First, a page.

Cob Jobs

Miss M and I have just returned from a memorable road trip round the top of the South Island which culminated with a drive through the DOC administered Molesworth Station.

Its 180,787 hectare area makes it the largest farm in New Zealand. There are several active fault lines transecting the property causing horizontal jolts often triggering landslides and rockfalls. Hot and dry summers are followed by harsh winters. Snow may fall at any time of the year, some years covering the entire property for up to eight weeks in winter.

In this challenging environment delivered up by nature, there are two significant human interventions.

They are the Acheron accommodation House at the southern entrance to the station, built in 1862 by Ned James.

And at the northern entrance, the Cob Homestead  built in 1866 by John Murphy.

These buildings have a lot to teach us, and they raise a lot of questions in my mind.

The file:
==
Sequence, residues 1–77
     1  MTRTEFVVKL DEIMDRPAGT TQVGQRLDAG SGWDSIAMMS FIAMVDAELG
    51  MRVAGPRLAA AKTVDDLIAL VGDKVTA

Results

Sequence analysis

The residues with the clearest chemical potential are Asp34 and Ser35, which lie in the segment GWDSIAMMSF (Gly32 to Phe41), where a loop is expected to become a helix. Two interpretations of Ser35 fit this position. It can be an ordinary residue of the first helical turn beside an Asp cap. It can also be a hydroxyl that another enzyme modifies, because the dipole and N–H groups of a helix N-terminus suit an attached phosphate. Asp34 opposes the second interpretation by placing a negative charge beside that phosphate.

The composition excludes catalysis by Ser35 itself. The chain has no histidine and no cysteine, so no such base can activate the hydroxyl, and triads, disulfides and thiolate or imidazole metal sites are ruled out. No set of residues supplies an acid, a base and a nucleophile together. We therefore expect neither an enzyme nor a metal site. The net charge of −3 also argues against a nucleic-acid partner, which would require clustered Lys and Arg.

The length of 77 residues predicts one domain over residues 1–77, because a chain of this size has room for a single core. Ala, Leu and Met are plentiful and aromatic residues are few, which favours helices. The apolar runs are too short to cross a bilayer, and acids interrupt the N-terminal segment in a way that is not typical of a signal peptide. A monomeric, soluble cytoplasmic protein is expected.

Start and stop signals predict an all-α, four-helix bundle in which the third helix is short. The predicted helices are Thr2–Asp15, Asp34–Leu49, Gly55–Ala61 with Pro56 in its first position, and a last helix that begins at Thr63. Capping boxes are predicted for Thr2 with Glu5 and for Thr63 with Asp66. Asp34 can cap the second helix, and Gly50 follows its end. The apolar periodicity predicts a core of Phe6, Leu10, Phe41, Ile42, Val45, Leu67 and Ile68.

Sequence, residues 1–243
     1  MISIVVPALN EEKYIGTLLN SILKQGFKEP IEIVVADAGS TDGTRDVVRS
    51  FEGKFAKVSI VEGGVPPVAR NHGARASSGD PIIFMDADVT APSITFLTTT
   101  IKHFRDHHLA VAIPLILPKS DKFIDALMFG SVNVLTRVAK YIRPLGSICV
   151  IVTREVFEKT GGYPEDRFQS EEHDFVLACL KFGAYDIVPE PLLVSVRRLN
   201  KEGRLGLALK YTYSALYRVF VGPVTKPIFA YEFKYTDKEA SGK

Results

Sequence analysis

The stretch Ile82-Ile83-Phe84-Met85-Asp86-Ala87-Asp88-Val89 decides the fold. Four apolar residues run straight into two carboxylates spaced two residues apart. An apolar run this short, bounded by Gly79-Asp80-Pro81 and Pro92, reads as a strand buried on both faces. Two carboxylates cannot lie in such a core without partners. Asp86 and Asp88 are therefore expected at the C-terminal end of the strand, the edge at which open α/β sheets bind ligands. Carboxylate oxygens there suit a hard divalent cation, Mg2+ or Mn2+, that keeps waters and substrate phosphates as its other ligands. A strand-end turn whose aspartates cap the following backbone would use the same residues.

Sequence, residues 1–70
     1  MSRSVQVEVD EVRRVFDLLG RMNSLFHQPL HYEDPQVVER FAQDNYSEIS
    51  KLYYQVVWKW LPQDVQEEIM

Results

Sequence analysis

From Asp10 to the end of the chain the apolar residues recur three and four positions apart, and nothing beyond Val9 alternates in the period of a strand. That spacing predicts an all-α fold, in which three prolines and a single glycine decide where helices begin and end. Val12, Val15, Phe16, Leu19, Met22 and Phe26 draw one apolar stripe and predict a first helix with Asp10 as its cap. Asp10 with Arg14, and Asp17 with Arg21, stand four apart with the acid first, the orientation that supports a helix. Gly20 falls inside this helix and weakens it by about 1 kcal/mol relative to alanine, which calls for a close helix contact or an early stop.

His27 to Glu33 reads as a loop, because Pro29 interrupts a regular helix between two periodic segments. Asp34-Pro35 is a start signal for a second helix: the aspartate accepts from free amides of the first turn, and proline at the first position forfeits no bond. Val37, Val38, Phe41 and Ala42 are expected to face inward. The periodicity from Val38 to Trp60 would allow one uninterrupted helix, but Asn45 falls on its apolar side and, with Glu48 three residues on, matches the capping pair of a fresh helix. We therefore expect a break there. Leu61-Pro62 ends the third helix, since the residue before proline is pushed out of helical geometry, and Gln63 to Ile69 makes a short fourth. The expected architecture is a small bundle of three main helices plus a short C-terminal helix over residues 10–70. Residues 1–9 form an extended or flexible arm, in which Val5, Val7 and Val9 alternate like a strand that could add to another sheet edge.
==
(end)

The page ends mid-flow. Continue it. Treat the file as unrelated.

I got to thinking about just how far we have come in the last 150 years.

The buildings follow passive solar design principles, are human scaled, with low and thick protective walls, beautifully proportioned openings, a verandah to the north, and no overhangs and they enclose  snug and cozy interiors.

They were both built without Planning or Building Consents and without the assistance of either BRANZ or the Department of Building and Housing.

John Murphy knowledge of construction is expressed in his quote ‘a good building has to have dry feet and a warm hat’. 150 years later, do we still have this simple knowledge and a level of craft which has led to such extraordinary durability in such an environmentally hostile environment?

Builds today are primarily determined by a hugely complex and contradictory network of overlapping regulations, the administration of which is in the lily white hands of beaurocrats and technocrats.

Not a Ned James or John Murphy in sight.

The great irony of course is that these wonderful 150 year old buildings which have achieved a durability that our current regulations can only fantasise about, would  today, not be able to obtain Building Consents.